On my own part, I wasn’t overly thrilled with the salad. Sesame oil, one of my least favorite tastes, was an unadvertised major component of the dressing. The lobster entree (with fava beans and mushrooms) was quite yummy. I love it when I actually end up ordering the right thing! It doesn’t always happen, unfortunately; happily, though, I also ordered exactly the right dessert for me. Good food, plus good friends equals another excellent Fine Dining experience.

Kelley and I actually thought about going out to the movies afterwards, but the timing didn’t end up working. Sure I am still up and typing at 12:36 am, but I’ve become way too old fogey and need my downtime before bed. A 10 pm movie just doesn’t work for me. Baby Mama and Forgetting Sarah Marshall will have to come some other time. I’ll hopefully manage to catch them in the theater — next week Iron Man and Made of Honor come out, too; two more flicks I’d like to catch. Four whole movies I want to see! Yay!





For reasons I won’t bother to go into at the moment, tonight’s TV viewing has been reality-based. I am quite new to the reality genre — scripted TV is definitely much more up my alley. However, I do also happen to like all that singing and dancing stuff, so when Dance Wars with Bruno and Carrie Anne debuted, I thought it might be something that I could actually enjoy watching with Lucy and Will. And, although I certainly understand that all the good-parenting people say that TV and kids shouldn’t go hand in hand, I do have some quite happy memories of the three of us gathering on the couch with popcorn to watch that week’s new episode. (Or, more specifically, of Will standing on the couch with his fists pumping in the air yelling, “Elisabeth! Elisabeth!” for his favorite performer.) At about the same time, I was introduced to Project Runway. It was, well, fierce, I do have to say.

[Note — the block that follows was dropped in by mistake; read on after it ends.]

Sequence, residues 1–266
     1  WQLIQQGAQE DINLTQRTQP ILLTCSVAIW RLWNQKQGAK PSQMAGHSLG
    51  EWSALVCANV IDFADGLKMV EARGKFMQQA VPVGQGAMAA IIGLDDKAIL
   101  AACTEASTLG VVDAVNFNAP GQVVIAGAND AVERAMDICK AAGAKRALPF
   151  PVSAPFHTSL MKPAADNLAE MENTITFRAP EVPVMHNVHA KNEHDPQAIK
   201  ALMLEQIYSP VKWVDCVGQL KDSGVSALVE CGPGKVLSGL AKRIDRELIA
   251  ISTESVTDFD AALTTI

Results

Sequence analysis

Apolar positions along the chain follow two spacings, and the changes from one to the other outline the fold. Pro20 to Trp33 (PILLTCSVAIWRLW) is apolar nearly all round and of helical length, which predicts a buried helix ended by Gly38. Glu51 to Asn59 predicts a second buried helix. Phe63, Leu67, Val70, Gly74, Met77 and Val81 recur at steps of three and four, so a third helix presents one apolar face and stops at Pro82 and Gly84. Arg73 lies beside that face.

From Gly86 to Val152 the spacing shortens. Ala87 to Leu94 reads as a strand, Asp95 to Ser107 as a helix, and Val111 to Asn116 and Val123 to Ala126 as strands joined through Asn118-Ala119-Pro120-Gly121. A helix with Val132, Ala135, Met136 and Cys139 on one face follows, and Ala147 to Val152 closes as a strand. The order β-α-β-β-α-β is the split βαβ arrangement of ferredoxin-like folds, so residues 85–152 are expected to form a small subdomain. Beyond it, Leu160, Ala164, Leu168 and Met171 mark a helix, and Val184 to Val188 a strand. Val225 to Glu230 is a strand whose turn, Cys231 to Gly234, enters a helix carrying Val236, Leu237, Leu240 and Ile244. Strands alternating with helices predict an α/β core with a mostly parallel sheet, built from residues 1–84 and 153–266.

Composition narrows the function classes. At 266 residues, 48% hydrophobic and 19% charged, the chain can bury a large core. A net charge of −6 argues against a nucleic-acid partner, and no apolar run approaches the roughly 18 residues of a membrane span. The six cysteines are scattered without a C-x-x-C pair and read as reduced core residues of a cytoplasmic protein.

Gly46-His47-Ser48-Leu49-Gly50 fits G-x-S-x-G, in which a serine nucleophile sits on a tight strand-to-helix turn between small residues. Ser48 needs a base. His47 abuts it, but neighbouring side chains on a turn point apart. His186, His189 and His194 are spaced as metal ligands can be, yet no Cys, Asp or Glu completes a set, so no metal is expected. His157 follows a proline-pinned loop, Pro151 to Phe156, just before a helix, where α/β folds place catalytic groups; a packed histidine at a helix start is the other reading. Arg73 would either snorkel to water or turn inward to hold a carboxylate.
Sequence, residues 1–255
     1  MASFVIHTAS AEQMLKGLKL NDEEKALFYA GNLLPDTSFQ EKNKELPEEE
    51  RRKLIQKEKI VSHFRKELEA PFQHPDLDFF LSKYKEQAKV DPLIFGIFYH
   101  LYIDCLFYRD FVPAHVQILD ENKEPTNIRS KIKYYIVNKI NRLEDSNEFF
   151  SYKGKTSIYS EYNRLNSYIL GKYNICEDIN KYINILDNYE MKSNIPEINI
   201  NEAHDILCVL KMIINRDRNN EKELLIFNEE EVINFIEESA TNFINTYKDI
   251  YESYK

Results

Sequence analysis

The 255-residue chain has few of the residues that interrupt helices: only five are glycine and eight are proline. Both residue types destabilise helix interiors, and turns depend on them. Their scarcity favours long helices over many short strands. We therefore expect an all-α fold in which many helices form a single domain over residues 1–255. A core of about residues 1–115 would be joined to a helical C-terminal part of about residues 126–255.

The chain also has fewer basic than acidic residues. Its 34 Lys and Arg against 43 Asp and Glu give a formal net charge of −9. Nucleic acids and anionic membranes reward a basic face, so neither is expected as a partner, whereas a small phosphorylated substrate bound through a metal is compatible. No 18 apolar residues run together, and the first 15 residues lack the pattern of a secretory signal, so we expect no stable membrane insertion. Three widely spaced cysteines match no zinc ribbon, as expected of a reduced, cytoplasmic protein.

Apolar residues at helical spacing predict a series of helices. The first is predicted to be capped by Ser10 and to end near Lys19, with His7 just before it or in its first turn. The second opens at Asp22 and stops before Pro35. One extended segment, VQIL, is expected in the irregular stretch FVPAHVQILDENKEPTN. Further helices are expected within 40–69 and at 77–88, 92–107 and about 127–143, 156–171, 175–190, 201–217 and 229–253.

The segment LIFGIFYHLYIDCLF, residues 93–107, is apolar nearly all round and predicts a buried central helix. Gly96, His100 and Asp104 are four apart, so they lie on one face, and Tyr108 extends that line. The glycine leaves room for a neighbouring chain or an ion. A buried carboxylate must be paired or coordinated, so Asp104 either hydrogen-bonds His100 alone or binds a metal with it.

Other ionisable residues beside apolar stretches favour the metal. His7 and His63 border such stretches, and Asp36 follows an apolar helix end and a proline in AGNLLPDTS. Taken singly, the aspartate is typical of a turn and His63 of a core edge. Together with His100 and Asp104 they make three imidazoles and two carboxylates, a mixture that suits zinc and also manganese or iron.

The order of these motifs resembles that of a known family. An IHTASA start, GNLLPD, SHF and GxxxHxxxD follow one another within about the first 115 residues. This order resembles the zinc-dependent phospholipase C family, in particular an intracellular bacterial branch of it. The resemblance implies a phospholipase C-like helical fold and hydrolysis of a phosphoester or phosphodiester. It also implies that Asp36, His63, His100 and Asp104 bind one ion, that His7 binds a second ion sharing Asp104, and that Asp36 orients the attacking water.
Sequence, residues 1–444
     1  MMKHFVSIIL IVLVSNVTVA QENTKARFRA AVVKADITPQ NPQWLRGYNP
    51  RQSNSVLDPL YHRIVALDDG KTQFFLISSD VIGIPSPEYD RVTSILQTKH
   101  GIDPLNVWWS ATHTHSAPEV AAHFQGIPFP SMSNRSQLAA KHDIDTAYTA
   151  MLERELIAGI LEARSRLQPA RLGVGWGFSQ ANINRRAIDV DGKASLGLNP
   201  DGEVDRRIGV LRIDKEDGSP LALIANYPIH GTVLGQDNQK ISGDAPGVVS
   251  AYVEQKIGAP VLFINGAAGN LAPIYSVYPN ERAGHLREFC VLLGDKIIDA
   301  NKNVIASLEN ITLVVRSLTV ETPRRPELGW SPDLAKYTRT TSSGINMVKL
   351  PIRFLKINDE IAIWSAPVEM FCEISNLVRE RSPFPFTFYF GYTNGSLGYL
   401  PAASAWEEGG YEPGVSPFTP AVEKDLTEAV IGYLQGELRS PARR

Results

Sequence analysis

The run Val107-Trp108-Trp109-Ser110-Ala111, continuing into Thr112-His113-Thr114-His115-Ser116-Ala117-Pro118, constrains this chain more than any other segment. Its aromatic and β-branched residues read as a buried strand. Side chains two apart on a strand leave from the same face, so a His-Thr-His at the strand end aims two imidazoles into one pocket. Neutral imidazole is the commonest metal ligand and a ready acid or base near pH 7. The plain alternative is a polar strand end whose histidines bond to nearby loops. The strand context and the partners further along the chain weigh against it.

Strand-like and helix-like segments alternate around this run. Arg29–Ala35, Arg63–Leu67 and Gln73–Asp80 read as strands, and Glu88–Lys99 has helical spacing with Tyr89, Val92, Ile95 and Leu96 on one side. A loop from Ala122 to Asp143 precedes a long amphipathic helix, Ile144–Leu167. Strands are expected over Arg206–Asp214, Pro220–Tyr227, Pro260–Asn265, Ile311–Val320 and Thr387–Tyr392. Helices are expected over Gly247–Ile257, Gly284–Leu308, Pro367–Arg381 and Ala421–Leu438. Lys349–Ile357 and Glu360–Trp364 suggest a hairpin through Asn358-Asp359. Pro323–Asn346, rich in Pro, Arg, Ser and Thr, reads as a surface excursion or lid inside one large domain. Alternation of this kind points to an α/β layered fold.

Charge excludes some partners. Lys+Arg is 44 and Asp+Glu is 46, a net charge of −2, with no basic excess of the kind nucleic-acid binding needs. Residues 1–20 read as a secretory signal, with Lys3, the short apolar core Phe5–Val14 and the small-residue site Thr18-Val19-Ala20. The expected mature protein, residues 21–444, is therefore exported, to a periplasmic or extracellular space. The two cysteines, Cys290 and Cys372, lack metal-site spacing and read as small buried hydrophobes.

From there, I moved on to America’s Best Dance Crew. That was surprisingly enjoyable! Another one that was mostly dependable in terms of ok kid viewing, plus it was real dancing. Not ballroom, of course, but Jabberwockeez (or however you spell it) was pretty amazing. Status Quo, Kabba Modern, Great Skate (yes, I’m butchering all these names — sorry), weren’t exactly what you’d call bad.

With those being the first foray into reality territory, I felt ready to venture further. Thus I come to tonight’s DVR line-up. First, Dancing with the Stars. Lucy’s liking it, and there are elements I don’t dislike. For example, I kind of like Sheryl Crow. I definitely like the “All I want to do is have some fun” song. What I could really have done without was the two couples dancing to it with both costumes and dance moves that, essentially, were what the Bada Bing girls do (did) in the Sopranos. I mean, are their budgets tight? Can they not afford costumes that cover more of a woman’s body? Do they not understand that less isn’t always more? And the dance itself — it was actually obscene. Give me the street crews from ABDC any day. Sheryl Crow looked a bit stunned as she sang. I didn’t blame her.

The other disturbing thing was the kids doing the ballroom dancing. Much more appropriately, thank God, but still a bit off-putting to see these eight-year-olds as pseudo-adults. Part of it was the costumes, part of it the way they came off in the interviews. Now, I have a precocious eight-year-old of sorts, so I’m more than happy to allow for some of that; the whole stagey-precocious thing is a bit much for me, though.